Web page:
Another head teacher takes the pledge

What is it with these heads that can’t stop crossing themselves and averring that they are not going to tell six-year-olds they are failures? As if any teacher in their right mind would declare a child a failure if they didn’t pass a test, any test. If anyone is declared a failure, it ought to be the heads who are responsible for not making sure that reading and spelling is taught properly in their schools.

The latest head to set his face against DfE’s new phonics screening check is Steve Iredale, who also happens to be the new leader of the National association of Head Teachers.
He is reported as saying that “it is an absolutely nonsense test with nonsense words”, which is where he also pledges not to tell children they are failures. What rot! It comes to something when people like this have to resort to aunt Sallies like this.
He goes on to express his scepticism about whether the test will be a true test of children’s reading ability on the grounds that ‘in one school it was noticeable that the brighter children paused when they came to a “nonsense” word thinking they must have heard it wrong and trying to conjure up alternative spellings to turn it into a real word’.
Very scientific, Mr Iredale! We’re not told how many children did this, or how Mr Iredale came to the conclusion that children were doing what they were doing – after all, they were ‘brighter children’ and presumably had been told that many of the words weren’t real words. Not that there’s anything wrong with children pausing to consider whether they are familiar with a word they are reading. They come across such words all the time in the course of their reading.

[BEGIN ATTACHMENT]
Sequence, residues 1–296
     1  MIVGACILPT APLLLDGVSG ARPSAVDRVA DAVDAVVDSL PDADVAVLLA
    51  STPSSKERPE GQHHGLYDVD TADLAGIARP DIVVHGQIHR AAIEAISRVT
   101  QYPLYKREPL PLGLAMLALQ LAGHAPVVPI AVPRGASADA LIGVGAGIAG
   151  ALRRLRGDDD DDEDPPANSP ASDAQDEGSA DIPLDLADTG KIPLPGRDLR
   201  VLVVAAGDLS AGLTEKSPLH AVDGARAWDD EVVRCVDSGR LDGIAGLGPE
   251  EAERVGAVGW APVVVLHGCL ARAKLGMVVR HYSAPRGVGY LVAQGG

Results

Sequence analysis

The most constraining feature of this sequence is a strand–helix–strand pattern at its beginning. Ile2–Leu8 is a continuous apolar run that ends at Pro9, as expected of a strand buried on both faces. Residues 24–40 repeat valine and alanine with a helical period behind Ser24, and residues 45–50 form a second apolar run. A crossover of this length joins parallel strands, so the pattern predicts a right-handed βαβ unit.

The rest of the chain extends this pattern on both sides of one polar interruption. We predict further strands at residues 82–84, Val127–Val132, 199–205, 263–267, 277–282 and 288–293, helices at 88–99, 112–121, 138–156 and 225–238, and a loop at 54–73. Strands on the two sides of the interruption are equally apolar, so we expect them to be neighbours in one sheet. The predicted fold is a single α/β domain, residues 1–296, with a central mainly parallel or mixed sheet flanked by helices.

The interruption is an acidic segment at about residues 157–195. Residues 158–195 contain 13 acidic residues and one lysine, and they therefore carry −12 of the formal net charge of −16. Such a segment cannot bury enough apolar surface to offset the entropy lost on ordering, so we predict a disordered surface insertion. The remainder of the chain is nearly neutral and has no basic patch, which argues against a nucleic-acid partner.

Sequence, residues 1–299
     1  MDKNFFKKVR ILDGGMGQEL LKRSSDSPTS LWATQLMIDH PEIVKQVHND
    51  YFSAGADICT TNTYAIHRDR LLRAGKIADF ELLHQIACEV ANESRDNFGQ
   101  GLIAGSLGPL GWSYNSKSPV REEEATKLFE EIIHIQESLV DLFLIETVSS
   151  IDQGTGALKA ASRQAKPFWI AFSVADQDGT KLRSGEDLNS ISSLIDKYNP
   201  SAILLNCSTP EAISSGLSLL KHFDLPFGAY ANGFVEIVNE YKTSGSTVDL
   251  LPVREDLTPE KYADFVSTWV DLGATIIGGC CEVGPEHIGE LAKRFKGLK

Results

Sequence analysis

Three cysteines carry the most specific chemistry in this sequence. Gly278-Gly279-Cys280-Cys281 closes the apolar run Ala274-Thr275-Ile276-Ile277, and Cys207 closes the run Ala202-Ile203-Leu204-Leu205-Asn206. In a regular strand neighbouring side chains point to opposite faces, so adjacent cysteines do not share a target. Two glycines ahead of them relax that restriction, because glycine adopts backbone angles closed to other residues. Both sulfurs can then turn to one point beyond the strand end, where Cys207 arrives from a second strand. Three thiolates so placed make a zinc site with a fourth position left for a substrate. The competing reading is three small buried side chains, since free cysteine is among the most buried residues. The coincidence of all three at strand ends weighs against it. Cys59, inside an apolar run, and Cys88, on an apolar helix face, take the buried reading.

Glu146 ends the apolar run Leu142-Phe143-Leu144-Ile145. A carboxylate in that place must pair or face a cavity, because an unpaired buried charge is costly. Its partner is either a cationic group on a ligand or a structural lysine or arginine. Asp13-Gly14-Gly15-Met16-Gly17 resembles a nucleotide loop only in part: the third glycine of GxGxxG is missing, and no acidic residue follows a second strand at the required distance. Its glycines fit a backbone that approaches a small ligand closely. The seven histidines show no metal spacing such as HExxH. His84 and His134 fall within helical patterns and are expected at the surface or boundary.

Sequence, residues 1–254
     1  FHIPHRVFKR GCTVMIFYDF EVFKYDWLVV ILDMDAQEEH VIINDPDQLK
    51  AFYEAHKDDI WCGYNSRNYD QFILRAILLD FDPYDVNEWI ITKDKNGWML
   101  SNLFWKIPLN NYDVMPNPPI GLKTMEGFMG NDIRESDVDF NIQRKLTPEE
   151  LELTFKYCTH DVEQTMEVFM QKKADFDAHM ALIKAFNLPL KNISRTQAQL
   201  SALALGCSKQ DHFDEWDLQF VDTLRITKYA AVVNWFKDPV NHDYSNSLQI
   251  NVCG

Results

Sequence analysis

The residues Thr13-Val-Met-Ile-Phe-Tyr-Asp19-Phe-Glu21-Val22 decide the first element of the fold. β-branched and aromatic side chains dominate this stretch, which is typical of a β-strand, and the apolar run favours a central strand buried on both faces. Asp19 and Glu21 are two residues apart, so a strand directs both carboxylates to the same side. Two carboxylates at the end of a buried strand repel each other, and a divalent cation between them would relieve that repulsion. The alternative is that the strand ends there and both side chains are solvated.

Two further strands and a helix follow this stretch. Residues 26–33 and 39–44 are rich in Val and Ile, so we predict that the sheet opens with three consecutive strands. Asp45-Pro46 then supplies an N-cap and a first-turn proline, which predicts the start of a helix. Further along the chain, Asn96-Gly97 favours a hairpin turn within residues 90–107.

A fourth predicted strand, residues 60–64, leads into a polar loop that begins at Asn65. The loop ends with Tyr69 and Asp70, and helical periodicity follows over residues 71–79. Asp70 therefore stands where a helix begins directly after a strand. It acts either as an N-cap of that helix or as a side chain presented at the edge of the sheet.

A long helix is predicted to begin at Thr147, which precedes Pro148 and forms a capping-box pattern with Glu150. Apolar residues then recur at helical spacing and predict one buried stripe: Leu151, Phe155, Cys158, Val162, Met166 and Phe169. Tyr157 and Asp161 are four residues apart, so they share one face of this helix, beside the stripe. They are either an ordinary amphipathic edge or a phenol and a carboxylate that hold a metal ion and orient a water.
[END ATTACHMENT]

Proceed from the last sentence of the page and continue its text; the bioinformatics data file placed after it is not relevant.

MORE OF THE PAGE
The problem, as I’ve pointed out before, is that very many heads haven’t a clue how to teach reading and spelling. Nor have they ever bothered to read the research on the subject.
For Mr Iredale’s benefit, read Nick Gibb’s lips! No more unacceptable illiteracy rates! The check is a check on how well children can decode. This involves the sub-skills of blending, segmenting and being able to link print to sound, as well as understanding some simple concepts, such as knowing that letters are symbols for sounds and that we can spell all sounds in the language with one, two, three, or four letters. Learning these skills, understanding these concepts and knowing which sounds in the language are represented by which spellings are not arrived at by most children unless they are taught explicitly and systematically. And even those children that do manage to work out for themselves how the writing system relates to the spoken language would learn much faster if they were given expert, properly directed instruction.
Oh, and another thing Mr Iredale, if a child can’t decode, they have no possibility of divining meaning from a text.